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The subjects of immigration, the treatment of undocumented residents living within national borders and the absorption of refugees are highly politically charged issues in our time. The developed and economically privileged countries of North America and Europe are questioning how to balance the obligations of social responsibility with national security and economic justice for citizens.
Although the Jewish communities of North America are living in an era of unprecedented success and security, we remain acutely sensitive to our own immigrant and refugee experiences. Ours is a history of moving from place to place searching for a better future for our children. At best, we have voluntarily travelled to new lands in hope of opportunity. At worst, we have fled bigotry, pogroms and genocide. Often, we have encountered the challenges of integrating into a new society and practicing a minority faith.
As we try to understand the complexities of refugee politics, immigration economics and security from terrorism, we are guided by the immutable values of Torah and Talmud.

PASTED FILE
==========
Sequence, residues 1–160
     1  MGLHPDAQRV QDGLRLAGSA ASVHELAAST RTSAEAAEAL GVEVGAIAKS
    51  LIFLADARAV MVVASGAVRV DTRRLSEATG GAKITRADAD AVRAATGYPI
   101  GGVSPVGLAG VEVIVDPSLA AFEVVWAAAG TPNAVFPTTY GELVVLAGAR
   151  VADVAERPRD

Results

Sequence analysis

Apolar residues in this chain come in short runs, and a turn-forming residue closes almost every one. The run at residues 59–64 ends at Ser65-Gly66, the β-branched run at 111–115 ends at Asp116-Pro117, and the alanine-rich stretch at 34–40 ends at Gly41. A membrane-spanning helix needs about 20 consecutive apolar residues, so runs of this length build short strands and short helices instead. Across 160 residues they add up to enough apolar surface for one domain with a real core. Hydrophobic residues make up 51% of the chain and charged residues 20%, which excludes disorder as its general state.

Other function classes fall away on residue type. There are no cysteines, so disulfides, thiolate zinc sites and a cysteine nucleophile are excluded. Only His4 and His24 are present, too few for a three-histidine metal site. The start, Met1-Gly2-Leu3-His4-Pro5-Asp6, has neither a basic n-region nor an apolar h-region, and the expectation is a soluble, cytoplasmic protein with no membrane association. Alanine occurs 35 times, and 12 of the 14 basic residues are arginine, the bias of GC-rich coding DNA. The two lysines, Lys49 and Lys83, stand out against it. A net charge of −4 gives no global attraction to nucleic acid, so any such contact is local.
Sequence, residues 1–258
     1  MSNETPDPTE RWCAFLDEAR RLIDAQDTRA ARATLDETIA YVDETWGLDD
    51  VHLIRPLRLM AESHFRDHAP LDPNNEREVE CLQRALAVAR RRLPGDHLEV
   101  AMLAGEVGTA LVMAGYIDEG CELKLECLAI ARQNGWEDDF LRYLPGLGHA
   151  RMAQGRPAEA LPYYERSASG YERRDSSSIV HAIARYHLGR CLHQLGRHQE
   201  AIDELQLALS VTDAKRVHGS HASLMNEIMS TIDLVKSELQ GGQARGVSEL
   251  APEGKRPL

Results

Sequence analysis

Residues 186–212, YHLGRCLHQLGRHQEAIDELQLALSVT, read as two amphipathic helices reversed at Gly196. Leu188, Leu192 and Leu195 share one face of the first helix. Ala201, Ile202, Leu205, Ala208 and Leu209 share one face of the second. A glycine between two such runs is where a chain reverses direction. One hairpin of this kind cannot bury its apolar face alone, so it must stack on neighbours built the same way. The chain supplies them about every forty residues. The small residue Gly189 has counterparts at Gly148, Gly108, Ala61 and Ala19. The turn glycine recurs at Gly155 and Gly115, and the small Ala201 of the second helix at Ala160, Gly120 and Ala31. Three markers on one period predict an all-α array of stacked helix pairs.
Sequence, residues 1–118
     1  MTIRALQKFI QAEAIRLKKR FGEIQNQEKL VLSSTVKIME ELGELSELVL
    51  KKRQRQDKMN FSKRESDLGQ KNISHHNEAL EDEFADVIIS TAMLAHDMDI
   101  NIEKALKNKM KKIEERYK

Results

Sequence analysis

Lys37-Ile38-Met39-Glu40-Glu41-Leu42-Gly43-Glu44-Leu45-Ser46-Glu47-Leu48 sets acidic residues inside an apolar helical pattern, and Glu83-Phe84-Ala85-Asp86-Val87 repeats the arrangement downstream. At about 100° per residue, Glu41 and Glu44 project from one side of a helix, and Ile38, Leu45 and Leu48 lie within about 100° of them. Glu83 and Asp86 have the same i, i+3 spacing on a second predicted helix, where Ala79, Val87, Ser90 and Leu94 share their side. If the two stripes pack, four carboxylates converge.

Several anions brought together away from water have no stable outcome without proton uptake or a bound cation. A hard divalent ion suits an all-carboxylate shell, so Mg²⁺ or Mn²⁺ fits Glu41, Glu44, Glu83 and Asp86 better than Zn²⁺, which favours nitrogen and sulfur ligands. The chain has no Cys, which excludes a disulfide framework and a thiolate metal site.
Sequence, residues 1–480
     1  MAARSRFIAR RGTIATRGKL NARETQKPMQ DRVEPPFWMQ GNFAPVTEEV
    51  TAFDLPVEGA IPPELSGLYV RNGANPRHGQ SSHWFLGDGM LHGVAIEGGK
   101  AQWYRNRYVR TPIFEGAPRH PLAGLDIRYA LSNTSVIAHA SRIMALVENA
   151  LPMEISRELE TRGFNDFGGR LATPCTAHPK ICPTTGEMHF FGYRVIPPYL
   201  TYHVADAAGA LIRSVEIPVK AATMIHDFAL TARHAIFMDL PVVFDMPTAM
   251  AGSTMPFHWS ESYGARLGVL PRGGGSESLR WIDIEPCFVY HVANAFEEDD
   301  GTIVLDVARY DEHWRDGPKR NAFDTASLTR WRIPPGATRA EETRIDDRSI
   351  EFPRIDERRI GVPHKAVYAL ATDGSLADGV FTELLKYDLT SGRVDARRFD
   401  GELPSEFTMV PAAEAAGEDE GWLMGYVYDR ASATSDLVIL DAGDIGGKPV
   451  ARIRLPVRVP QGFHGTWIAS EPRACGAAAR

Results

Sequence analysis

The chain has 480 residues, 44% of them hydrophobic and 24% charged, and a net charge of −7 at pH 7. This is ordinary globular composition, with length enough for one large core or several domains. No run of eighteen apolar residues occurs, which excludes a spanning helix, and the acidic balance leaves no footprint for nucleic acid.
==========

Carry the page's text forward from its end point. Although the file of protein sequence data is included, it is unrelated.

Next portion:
Whereas, Judaism requires of us that we not be bystanders in the face of injustice: “Do not stand by your neighbor’s blood.” (Leviticus 19:16) And further, that we have an obligation of Tikun Olam. (To fix the world)
Whereas, The Torah repeats 36 times the tenet that we must treat the strangers in our land with empathy and love them as we love ourselves. (Leviticus 19:33-34)
Whereas, We are encouraged to identify with the immigrant experience in that we remember our ancestors who were strangers in the land of Egypt and who went forth into a new land. (Exodus 13:8; Mishnah Pesachim 10:5)
Whereas, Judaism requires universal respect for human life declaring that humanity is created in God’s image. (Genesis 1:27) And the Talmud explains that even a single life is so valued that “he who saves one life saves the entire world.” (Mishnah Sanhedrin 4:5)
Therefore, be it resolved that Women’s League for Conservative Judaism believes:
Nations have a right to secure borders and an obligation to protect citizens from violence. This truth, however, should not be used to excuse bigotry.
Our community should support immigration and refugee laws and policies that are consistent with an inclusive and humane vision free from religious, racial and cultural prejudice.
We should advocate for swift responses to the needs of refugees. And, we should work to provide shelter and security to all people fleeing violence and persecution without regard to religion, race or color.
We should advocate for the empathetic treatment of those undocumented people living within our borders, so that no otherwise law-abiding person should live in fear of the law enforcement or of the disruption of families.